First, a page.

HomeHealth & LifestyleAdopting a Child? The Benefits of Going Private

Adopting a Child? The Benefits of Going Private

Celebrities Gary and Cassie Chapman Discuss Their Journey

For many married couples, there comes a time when having children becomes the first priority. Often, the urge to create life and see it into the world becomes overwhelming.

But that urge can put many couples on an unpredictable journey, especially when they decide that their love, time and resources can be best put to use through adoption, says award-winning singer-songwriter Gary Chapman. He and his wife, former Nashville Wives star Cassie Piersol Chapman, say they were open to whatever God had in store for them.

"We knew it was time to give our hearts to a child," says Gary, 56, a five-time Grammy-nominated, seven-time Dove Award-winning artist who recently released his first album in a decade, The Truth, (www.garychapmanmusic.com).

But, while the decision to have a child was made, conceiving was taking awhile. Gary, who had reversed a vasectomy and is 23 years older than Cassie, has three grown children.

"During this period, I got a call from a friend telling me about a woman who was four months pregnant and looking for a suitable adoption family," says Cassie, who is proactive in multiple charity groups which facilitate a legal alternative to going through an agency. "It was as if God knew where this child needed to be after the birth. I immediately understood that this would be our path."

Through private, or independent, adoption, the Chapmans received their blessing, a baby girl they named Eva Rose. Gary and Cassie talk about the benefits involved in private, or independent, adoption:

Parents can begin bonding with their child more quickly after birth: Private adoption allows for the newborn infant to bypass foster care, which is typically required by state-run agencies. Most babies adopted between private parties go home from the hospital with the adoptive parents.

"In our case, the birth mother had a 10-day grace period starting from time of Eva's birth," Cassie says. "While that was tough, I think it offers more peace of mind for birth mothers."

It allows for more control, more collaboration and more choice: Independent adoption gives all parties greater autonomy in making important choices about the baby and each other. For many, the opportunity for the birth mother and adoptive parents to meet adds reassurance that decisions are being made in the best interest of the child. This dynamic doesn't exist in the more common state-run agencies.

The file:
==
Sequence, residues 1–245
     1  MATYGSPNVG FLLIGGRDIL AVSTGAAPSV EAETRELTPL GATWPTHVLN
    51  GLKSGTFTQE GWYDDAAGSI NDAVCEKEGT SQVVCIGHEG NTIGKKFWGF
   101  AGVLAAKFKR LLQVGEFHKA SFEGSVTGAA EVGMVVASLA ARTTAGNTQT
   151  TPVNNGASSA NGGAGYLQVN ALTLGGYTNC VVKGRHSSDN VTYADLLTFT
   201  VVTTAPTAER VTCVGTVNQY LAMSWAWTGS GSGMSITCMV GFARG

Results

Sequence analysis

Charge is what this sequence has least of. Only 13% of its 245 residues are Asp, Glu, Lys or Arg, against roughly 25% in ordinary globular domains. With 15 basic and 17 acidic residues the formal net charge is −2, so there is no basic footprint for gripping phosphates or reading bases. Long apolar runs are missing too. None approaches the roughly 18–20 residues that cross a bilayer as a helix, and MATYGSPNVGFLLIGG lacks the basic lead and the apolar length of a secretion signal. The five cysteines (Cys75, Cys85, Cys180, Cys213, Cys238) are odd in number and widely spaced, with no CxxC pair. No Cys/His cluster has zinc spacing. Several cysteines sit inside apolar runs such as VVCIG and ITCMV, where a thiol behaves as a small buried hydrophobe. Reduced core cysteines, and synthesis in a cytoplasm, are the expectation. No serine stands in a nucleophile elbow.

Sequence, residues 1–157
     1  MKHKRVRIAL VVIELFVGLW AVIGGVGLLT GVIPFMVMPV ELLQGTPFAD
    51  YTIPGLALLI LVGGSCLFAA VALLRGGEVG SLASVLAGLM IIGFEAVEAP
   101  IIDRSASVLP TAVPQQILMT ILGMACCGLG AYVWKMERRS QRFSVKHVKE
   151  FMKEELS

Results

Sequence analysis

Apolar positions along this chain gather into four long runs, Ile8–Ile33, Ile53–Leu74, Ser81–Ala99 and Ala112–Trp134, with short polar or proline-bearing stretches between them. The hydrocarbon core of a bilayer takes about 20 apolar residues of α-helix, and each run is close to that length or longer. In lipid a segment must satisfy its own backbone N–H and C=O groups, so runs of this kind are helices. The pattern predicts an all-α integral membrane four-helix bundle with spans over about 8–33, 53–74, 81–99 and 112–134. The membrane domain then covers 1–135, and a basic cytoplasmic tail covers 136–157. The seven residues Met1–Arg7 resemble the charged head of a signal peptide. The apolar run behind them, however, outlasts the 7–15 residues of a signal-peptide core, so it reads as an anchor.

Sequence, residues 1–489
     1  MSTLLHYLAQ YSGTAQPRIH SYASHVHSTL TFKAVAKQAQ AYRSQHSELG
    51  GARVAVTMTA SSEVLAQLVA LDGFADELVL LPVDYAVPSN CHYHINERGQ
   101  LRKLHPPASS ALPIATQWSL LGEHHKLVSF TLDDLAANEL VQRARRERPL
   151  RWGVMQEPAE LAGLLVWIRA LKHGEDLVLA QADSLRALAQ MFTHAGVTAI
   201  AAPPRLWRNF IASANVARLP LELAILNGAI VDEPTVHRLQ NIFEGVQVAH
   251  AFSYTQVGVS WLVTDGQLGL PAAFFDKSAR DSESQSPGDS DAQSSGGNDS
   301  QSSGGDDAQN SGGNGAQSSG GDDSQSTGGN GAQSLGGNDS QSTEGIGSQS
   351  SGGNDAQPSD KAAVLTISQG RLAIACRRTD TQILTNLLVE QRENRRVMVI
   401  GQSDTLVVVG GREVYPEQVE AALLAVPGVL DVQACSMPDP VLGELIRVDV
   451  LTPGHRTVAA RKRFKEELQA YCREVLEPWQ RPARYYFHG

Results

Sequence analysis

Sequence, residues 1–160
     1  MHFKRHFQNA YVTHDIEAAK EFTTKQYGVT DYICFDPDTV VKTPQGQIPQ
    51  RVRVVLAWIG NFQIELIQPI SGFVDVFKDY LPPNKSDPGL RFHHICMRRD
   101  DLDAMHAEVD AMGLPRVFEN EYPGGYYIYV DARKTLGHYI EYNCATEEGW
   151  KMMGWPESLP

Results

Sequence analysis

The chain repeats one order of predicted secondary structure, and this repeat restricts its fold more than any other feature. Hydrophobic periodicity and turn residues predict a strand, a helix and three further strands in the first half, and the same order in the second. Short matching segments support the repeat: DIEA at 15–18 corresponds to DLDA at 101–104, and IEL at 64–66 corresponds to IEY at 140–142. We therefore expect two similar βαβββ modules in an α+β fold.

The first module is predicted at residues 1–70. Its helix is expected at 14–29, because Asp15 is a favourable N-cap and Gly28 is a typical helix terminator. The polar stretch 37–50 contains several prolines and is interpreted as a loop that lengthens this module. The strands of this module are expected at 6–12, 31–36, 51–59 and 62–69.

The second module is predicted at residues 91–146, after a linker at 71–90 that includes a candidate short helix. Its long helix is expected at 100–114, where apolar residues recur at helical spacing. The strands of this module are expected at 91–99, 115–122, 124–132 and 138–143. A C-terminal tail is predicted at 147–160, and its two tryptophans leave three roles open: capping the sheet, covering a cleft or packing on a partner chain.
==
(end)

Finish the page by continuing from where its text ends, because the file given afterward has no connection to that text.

"I think some folks actually prefer a more anonymous approach," Gary says. "Let's admit it – these can be some of the toughest decisions in a woman's life, and she may not want a relationship with adoptive parents."

Better access to information: What's the child's background? Should you anticipate medical issues down the road? What if a child wants to know more about his biological mother and father, including their spiritual background? Private adoption allows for direct communication between the two parties.

"Birth mothers may not even know if they'll want contact with their child 20 years later," Cassie says. "If adoptive families go this route, they ought to collect as much relevant information about the child's birth parents as they can."

Adequate safety measures: Like other types of adoption, private adoption is governed by state laws. In addition, if a child is brought from one state to another, then the provisions of the Interstate Compact on the Placement of Children apply.

"Folks should understand that private adoption isn't like the Wild West; it's just a less bureaucratic method of adoption," Gary says.

[Gary Chapman is a veteran musician in the contemporary pop, country, Christian and southern gospel genres. His Dove Awards include Male Vocalist of the Year and Songwriter of the Year, and he's written hits including I Prefer the Moonlight for Kenny Rogers and Finally for T.G. Sheppard along with songs for Alabama and Wynonna Judd. He was the host of TNN's hit show Prime Time Country for four years and founded the record label that launched current Disney music mainstays Everlife, among many top performers.

Cassie Piersol Chapman starred in TNT's 2014 docudrama Private Lives of Nashville Wives (from the Real Housewives creators). She grew up on her family's West Virginia farm and was active in 4H and other agricultural activities. She also sang in a choir, modeled and became a star cheerleader in high school. She won two national cheerleading titles at Morehead State University in Kentucky. She has appeared in music videos, commercials and printed work. She works with her husband, Gary, on A Hymn a Week, a popular online devotional.]

 

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